In this formula, refers to the percentage of blended aggregates passing through the corresponding sieve, refers to the sieve size, refer to the percentage of each aggregate passing through the corresponding sieve, refer to all kinds of aggregate and filler, and refer to the contents proportion of each aggregate and filler, and the sum total is 100%. The grading curve of all types of aggregates used has been made to meet the open graded asphalt grading requirements of the Korean standard specification as shown in Figure 1(a). The Korean standard specification suggests the boundary limits for the blended aggregates and filler used for the open graded asphalt mixture as shown in Figure 1(b). The mechanical properties of fine aggregate, including density, water absorption, and fineness modulus, are 2.66 g/cm3, 0.9%, and 3.02, while for coarse aggregate they are 2.67 g/cm3, 0.9%, and 6.08, respectively. Water content and density of limestone filler were measured as 0.2% and 2.72 g/cm3.

Figure 1: Size distribution and boundary limits of aggregates according to specification. (a) Fine and coarse aggregate grading curve. (b) Blended aggregates grading curve.
2.2.3. Mixing Open Graded Asphalt

Based on the previous studies [10] and the Korean standard of open graded asphalt mixture design [13], the porosity of asphalt mixture is designed with a range of 18~22%. The dosage of asphalt is 3.5%~6.0%. The open graded asphalt mixture proportions are presented in Table 2. In order to mix the open graded asphalt mixtures, all aggregates are cleaned and kept preheated to a temperature of 120°C to 150°C, while asphalt was heated to a temperature of 150°C. All specimens are cast into the molds and compacted under hot condition according to the experiment standards. All specimens are taken out from the mold when the temperature of specimens reached 50°C.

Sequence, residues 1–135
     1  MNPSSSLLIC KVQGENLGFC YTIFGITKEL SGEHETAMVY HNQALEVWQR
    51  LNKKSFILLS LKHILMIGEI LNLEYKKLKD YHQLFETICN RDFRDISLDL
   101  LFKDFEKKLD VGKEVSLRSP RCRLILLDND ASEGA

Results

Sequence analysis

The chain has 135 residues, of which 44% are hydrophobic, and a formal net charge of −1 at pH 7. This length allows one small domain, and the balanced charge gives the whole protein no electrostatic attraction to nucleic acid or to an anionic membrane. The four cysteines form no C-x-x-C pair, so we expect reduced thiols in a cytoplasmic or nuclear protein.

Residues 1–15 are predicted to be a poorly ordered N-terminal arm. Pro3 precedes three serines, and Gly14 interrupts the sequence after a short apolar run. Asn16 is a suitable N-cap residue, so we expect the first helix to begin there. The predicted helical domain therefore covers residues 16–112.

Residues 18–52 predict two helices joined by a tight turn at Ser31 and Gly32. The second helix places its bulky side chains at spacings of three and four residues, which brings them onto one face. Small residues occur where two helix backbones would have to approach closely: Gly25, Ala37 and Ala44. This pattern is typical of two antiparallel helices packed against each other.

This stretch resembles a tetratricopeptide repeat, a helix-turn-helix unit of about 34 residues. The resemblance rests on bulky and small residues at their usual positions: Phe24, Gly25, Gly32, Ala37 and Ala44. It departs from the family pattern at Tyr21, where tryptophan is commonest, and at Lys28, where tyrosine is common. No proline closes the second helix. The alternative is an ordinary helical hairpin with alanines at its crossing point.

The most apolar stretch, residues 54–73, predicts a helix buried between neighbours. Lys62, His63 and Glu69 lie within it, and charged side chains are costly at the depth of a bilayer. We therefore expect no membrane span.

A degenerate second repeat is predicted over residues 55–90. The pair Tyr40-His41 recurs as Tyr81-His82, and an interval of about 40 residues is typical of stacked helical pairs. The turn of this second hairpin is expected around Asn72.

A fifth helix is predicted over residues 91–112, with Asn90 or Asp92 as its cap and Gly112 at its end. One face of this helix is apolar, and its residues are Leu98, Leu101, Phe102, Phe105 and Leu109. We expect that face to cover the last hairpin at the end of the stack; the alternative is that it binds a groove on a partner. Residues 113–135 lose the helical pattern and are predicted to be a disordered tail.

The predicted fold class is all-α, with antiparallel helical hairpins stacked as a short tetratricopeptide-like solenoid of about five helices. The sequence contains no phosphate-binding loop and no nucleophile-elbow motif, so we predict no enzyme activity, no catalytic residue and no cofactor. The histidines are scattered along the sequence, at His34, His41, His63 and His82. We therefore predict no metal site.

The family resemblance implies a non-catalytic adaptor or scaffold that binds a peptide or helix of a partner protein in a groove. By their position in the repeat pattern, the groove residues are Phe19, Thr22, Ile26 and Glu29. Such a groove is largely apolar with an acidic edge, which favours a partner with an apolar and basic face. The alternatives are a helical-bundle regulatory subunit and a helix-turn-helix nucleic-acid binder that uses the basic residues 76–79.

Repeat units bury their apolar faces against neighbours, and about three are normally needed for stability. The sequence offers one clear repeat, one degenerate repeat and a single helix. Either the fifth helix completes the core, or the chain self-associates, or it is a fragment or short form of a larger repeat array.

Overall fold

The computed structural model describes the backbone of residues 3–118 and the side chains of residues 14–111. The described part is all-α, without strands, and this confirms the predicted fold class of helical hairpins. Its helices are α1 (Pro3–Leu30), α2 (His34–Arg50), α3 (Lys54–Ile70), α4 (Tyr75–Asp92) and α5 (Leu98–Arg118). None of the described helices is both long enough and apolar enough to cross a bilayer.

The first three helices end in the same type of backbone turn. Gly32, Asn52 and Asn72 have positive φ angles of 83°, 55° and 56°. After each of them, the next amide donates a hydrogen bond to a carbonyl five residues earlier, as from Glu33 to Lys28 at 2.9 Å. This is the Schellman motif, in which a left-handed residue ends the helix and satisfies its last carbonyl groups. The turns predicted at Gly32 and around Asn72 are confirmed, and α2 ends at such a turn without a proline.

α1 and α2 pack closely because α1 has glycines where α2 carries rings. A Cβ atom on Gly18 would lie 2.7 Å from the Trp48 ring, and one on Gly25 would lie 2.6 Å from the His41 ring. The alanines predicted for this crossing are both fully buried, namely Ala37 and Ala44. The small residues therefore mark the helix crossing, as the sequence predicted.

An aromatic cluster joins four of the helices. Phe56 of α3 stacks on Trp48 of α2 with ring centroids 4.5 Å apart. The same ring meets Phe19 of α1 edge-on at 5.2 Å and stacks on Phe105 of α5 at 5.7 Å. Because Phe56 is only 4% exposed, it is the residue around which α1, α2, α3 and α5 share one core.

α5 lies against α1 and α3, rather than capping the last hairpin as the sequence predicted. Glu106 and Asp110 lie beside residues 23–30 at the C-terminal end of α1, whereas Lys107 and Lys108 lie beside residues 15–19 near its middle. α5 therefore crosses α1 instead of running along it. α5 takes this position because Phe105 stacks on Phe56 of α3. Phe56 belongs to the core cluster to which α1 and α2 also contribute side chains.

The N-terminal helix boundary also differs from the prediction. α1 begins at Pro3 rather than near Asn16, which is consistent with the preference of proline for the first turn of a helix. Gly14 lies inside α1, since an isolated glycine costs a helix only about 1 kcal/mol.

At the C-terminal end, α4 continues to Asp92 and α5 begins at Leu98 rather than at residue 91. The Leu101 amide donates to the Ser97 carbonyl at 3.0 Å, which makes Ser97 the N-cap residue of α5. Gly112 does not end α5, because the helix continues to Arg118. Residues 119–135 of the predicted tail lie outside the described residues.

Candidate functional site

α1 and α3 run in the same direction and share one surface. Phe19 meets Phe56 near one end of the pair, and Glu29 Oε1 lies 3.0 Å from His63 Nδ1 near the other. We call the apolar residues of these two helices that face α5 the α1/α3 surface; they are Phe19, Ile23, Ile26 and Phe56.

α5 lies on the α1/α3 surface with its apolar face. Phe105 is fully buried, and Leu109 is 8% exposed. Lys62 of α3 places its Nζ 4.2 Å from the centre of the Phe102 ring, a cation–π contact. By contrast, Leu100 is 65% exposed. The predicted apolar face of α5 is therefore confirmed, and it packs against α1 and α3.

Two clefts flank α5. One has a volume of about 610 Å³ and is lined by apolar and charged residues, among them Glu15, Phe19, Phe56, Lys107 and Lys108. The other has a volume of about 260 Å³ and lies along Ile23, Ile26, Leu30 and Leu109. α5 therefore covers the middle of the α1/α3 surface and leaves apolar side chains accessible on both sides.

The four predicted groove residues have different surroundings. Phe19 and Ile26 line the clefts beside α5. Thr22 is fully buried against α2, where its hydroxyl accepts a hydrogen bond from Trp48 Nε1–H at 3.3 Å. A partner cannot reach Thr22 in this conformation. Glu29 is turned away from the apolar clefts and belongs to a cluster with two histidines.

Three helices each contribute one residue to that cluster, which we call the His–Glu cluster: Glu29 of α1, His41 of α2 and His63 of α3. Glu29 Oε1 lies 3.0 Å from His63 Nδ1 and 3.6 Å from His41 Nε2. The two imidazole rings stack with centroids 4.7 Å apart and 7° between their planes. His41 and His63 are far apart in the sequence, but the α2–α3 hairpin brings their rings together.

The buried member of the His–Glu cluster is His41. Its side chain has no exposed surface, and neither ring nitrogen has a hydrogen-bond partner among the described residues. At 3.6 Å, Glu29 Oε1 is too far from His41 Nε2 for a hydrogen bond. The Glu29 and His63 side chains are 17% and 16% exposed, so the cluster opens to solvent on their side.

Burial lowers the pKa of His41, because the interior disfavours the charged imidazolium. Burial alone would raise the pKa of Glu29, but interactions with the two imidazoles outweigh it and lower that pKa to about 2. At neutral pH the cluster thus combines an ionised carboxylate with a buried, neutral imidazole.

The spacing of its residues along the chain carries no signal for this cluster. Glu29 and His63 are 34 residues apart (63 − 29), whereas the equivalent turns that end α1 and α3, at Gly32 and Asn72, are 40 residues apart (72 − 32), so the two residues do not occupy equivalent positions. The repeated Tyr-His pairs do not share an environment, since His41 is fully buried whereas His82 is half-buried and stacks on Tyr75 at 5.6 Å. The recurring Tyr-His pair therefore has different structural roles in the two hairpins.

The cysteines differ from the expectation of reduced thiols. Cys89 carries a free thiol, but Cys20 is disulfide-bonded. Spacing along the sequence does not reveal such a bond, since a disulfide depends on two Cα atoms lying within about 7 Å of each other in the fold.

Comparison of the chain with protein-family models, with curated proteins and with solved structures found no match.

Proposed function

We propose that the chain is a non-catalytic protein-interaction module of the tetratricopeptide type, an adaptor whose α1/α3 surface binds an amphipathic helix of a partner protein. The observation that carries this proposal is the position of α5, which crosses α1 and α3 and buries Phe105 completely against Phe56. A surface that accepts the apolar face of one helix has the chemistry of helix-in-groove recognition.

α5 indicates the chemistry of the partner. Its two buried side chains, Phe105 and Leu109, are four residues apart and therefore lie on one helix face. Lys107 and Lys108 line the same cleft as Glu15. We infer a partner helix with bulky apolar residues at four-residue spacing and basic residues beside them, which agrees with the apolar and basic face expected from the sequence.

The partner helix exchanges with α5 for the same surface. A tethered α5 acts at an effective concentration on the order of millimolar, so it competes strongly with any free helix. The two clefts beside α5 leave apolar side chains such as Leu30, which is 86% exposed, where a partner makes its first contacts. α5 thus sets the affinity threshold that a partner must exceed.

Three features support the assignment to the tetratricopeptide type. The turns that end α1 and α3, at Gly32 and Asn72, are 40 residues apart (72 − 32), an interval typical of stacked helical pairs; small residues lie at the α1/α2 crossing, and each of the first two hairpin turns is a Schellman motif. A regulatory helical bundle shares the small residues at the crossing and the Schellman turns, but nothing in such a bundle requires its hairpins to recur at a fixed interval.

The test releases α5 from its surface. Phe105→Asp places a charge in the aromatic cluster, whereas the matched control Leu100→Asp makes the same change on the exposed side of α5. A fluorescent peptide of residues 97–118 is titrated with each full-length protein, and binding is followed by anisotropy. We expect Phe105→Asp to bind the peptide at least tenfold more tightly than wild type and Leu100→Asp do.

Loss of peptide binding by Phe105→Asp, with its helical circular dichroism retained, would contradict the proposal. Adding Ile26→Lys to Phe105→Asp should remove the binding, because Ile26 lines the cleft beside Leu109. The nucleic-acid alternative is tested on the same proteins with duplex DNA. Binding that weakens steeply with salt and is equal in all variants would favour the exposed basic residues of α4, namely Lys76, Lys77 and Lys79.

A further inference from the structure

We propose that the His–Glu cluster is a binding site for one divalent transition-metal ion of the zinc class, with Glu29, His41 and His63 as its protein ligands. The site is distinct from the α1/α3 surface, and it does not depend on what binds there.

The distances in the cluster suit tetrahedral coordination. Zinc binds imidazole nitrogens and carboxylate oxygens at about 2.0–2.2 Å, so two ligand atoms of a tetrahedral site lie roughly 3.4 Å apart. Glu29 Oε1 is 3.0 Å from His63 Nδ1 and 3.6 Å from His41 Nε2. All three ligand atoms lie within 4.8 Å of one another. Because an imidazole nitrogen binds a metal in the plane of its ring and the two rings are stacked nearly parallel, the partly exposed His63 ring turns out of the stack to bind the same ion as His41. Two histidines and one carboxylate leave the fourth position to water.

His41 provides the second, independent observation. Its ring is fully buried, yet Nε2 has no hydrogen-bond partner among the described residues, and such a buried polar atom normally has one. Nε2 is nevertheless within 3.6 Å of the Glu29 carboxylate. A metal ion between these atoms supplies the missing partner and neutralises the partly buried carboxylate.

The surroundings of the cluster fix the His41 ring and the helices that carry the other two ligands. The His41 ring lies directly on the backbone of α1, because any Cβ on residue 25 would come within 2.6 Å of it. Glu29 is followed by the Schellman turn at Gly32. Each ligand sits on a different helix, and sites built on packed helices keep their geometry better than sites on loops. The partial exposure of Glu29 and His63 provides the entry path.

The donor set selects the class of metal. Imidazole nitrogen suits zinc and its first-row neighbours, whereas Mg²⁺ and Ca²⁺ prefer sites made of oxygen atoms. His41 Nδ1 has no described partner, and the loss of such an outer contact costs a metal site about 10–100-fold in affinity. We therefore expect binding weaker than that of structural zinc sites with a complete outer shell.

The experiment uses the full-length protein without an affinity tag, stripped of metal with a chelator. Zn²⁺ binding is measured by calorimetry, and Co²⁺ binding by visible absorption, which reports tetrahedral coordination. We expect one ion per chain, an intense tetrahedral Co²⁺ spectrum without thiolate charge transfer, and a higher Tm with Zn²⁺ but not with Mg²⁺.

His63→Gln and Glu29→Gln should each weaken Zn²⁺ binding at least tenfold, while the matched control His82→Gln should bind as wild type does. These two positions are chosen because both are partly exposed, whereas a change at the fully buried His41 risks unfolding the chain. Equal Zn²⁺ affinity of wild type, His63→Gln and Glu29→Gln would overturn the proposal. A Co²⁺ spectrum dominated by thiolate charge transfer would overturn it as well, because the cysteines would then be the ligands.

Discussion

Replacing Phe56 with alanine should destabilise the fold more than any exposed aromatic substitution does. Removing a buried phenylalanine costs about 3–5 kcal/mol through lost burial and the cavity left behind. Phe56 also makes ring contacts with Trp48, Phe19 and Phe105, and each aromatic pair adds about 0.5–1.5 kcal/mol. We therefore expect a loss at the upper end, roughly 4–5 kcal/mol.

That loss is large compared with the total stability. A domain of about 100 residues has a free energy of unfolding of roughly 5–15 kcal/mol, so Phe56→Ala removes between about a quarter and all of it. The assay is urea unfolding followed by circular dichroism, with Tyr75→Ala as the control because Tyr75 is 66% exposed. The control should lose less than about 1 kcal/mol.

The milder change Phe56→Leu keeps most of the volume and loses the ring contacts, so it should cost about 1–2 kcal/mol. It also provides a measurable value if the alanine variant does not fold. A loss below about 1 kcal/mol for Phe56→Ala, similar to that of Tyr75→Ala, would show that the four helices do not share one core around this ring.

2.2.4. Semirigid Asphalt Composite

Open graded asphalt mixtures were prepared according to the experimental method of Korea standards and four types of cement grout were injected and compacted. After that, all semirigid asphalt specimens were cured until standardized curing age.

3. Test Program

3.1. Cement Grout
3.1.1. Fluidity

The flow cone test has been carried out to evaluate the fresh fluidity of cement grout. The flow cone used in this study is for the hydraulic cement grout flow test regulated in KS F 4044 method. It has a height of 190 mm, a capacity of  mL, and an internal orifice diameter of 12.7 mm. All the grouts were charged to the calibration height and the dropping time was measured. Flow time is an index of the fluidity of the cement grout. Figure 2 shows the geometry of the flow cone used in this study. In the previous study [14] the flow time of the flow cone with a capacity of 1,200 mL and an internal orifice diameter of 10 mm was measured from 11 to 20 seconds. Lei [15] reported that, for the cone with a capacity of 1,000 mL and an internal orifice diameter of 10 mm, flow time was proposed to be in the range of 8 to 10 seconds. Also, because the flow value is slightly different depending on the cone size in the previous studies [16, 17] the flow value of this study can be used for a relative comparison of the grout formulations.